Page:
4. Policymakers need to lead the effort toward standards. They don’t need to set the standards but they need to apply pressure to payers and information technology companies to adopt standards. Electronic health records should work more like the Internet. The Internet works the same everywhere in the world. EHRs on the other hand do not even work the same in different departments of the same hospital.

Under the ACO model, providers are paid a fixed amount per month for each consumer under an ACO contract. This provides an incentive for providers to eliminate unnecessary tests and procedures.

SPEAKING.COM: What can be done to change these attitudes?

PATRICK: The biggest change is the accountable care organization (ACO). Under the ACO model, providers are paid a fixed amount per month for each consumer under an ACO contract. This provides an incentive for providers to eliminate unnecessary tests and procedures. ACOs are in operation and some are producing savings. The ACO model needs refinement, but it has proved it can work and it should be expanded.

SPEAKING.COM: What steps can healthcare organizations take to help their staff and consumers adjust to using new patient-centered technologies?

PATRICK: Lower cost and higher quality healthcare is all about leadership. Hospital and physician network CEOs must make quality a constant theme. Higher quality leads to lower cost and, with the shift to ACOs, providers have an opportunity to make American healthcare dramatically better. Leaders need to reward those who contribute to the changes and counsel those who do not.

SPEAKING.COM: One recommendation you have is storing patient data in the cloud. What steps can be taken to ensure that patients’ private information remains private and secure?

PATRICK: Cloud computing is the new normal. Healthcare providers should not be wasting resources managing computer servers. Their focus should be healthcare. For those who choose to operate their own cloud services, they must apply the very best in security technology. Amazon, eBay, Google, and many others have shown it is possible to operate cloud services securely. If no corners are cut, it can be done.

Unfortunately, the probability of banning pharmaceutical advertising is about the same as Congress taking action on gun control.

SPEAKING.COM: What is the probability that the government will ban pharmaceutical advertising and what effects would a ban have on prescription drug prices?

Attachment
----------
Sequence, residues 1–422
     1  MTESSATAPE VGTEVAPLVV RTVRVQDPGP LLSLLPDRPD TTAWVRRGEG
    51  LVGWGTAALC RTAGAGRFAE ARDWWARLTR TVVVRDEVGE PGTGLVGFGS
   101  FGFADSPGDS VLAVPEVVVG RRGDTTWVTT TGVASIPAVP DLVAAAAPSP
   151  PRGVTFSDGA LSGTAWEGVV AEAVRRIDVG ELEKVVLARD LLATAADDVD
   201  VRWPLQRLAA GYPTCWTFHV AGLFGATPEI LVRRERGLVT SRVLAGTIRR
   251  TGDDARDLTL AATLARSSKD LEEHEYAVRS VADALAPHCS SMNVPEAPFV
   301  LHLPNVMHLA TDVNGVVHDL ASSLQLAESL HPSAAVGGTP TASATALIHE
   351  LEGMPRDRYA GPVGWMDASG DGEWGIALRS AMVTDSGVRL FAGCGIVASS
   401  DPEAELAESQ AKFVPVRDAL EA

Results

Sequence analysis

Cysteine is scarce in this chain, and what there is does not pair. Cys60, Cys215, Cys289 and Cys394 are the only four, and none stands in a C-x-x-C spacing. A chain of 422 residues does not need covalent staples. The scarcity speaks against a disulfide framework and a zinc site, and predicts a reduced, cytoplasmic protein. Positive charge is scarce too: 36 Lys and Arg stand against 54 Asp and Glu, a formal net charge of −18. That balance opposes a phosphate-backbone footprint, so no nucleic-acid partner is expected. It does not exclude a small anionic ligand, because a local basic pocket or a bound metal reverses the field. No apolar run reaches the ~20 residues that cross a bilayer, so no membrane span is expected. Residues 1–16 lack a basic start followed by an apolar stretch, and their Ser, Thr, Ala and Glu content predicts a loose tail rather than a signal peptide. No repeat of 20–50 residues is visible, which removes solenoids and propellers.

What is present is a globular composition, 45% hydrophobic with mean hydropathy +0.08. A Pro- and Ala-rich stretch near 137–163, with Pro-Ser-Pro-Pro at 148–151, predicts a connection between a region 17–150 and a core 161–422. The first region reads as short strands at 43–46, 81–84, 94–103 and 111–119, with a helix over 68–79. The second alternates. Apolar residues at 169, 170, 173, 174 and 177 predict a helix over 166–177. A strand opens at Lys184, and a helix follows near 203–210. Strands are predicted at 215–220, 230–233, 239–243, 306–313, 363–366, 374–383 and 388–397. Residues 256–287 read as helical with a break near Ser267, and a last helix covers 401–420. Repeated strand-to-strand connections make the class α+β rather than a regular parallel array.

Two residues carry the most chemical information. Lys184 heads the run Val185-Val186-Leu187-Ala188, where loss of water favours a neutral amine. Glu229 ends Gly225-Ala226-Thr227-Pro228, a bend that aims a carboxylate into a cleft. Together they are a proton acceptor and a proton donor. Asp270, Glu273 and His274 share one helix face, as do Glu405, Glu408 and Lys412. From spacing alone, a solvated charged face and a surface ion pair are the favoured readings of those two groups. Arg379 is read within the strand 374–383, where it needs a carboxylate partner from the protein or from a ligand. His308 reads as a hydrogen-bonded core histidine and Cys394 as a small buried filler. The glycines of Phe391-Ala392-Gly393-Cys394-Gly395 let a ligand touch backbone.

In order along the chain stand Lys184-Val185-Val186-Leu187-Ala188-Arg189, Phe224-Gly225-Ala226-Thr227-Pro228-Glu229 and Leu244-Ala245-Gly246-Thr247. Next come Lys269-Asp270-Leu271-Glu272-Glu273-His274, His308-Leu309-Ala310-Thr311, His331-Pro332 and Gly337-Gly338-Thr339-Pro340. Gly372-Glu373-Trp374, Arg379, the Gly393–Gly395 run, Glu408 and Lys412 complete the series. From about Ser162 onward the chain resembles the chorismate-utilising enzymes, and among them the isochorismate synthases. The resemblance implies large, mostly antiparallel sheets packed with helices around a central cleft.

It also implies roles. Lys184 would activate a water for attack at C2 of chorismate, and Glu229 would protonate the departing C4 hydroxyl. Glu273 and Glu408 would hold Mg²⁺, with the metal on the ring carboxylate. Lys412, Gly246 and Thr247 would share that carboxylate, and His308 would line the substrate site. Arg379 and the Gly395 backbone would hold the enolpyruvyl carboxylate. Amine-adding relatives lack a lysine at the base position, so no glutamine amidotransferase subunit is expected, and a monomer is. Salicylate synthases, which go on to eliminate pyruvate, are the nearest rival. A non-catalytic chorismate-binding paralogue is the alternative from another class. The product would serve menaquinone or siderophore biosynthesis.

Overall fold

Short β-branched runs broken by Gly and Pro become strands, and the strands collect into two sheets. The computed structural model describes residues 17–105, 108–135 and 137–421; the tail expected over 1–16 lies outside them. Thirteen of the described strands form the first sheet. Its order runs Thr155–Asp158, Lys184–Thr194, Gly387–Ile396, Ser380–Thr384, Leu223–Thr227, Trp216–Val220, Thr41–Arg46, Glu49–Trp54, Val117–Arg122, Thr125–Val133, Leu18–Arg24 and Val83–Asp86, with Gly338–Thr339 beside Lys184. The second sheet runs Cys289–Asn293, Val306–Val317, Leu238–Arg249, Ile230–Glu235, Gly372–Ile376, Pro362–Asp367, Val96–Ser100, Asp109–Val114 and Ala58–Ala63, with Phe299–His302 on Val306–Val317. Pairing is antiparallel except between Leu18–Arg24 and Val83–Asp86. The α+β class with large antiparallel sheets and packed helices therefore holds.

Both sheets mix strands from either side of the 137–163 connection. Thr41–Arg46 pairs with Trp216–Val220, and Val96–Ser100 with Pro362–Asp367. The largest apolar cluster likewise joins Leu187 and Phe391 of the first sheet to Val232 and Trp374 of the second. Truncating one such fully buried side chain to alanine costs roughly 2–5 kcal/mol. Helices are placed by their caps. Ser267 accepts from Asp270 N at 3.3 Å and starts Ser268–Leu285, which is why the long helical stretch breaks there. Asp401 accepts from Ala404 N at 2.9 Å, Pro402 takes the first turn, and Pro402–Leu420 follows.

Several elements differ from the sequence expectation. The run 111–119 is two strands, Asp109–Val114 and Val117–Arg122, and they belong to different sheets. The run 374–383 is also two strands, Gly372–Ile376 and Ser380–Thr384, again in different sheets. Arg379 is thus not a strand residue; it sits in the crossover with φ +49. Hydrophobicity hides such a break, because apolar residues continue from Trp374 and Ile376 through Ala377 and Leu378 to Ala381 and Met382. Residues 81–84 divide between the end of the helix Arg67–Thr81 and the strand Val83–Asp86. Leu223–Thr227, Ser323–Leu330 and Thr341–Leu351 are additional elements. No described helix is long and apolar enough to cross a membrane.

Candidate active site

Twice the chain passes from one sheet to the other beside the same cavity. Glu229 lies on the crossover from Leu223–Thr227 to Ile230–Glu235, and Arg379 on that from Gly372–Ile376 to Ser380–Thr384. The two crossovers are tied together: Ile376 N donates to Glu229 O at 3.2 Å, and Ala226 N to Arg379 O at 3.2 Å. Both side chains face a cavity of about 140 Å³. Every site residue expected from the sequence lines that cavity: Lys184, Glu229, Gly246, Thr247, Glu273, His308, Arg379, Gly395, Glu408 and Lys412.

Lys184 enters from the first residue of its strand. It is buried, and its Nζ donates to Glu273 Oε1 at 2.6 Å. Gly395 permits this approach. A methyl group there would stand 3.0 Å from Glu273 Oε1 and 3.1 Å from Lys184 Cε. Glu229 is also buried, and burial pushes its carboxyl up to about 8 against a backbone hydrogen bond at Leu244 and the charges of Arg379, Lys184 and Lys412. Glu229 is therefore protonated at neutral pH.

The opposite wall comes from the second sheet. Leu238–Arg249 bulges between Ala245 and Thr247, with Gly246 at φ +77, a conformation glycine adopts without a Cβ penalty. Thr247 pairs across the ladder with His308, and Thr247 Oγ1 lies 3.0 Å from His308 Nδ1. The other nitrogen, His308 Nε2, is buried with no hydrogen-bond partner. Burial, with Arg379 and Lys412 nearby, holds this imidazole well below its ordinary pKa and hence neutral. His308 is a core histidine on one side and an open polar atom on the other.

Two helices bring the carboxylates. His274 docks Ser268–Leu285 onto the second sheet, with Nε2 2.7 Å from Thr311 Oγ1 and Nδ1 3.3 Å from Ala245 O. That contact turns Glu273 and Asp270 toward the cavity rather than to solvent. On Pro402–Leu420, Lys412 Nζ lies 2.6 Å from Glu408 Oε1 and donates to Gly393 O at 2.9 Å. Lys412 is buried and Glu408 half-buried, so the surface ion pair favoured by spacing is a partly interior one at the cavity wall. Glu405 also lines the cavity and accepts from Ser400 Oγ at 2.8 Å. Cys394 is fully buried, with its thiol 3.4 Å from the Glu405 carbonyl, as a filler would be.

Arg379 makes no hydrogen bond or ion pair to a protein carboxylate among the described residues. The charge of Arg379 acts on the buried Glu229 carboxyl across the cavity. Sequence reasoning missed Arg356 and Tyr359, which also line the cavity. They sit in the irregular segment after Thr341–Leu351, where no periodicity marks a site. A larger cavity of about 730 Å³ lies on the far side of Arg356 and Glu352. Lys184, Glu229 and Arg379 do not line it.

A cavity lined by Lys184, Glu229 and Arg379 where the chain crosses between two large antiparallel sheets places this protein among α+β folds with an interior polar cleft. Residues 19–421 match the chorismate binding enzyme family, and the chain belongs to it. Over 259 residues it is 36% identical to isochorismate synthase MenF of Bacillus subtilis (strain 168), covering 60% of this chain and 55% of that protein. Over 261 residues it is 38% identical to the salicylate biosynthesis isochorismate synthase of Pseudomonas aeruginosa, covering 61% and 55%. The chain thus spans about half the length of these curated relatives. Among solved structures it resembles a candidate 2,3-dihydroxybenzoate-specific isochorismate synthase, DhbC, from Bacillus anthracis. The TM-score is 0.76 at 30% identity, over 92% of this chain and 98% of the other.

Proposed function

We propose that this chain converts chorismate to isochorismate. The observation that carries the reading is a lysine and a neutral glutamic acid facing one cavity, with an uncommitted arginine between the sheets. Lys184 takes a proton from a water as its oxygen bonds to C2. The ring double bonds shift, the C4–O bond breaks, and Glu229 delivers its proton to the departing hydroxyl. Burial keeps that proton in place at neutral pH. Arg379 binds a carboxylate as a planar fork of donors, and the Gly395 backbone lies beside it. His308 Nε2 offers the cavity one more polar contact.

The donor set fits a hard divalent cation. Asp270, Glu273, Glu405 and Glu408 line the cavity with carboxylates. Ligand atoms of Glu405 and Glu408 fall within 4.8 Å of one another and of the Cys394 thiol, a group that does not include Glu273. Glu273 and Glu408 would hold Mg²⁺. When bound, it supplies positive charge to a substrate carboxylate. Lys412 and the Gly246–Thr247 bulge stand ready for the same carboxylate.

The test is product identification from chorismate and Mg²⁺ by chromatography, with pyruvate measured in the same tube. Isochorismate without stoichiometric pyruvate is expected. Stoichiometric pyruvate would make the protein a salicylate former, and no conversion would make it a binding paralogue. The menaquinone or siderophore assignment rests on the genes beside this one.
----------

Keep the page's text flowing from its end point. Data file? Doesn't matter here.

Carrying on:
PATRICK: Unfortunately, the probability of banning pharmaceutical advertising is about the same as Congress taking action on gun control. The pharmaceutical industry has 1,500 lobbyists and spends hundreds of millions of dollars per year in lobbying and political contributions. The Congress listens to them much more than they listen to the people. These ads do not improve health, but they do increase healthcare cost.

SPEAKING.COM: How will the rise of robot technology change healthcare in the coming years?

PATRICK: Robots will play an increasingly large role in our lives. Just as tens of thousands of robots are already picking and packing orders at Amazon shipping facilities around the world, robots will be in thousands of homes helping with the care of chronically ill patients.

Robots do not get bored with trivial tasks. Furthermore, their cost is declining while their capabilities are increasing. As more advanced models are developed, they will look and act like humans more and more.

To bring John Patrick to your organization, please contact Michael Frick at: Mike@Speaking.com

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Author

  • John R. Patrick Dr. John R. Patrick is President of Attitude LLC and former Vice President of Internet Technology at IBM, where he worked for thirty-five years. During his IBM career, John was Vice President of Marketing for the launch of the IBM ThinkPad brand. One of the leading Internet visionaries, John is a well-known international lecturer and ... more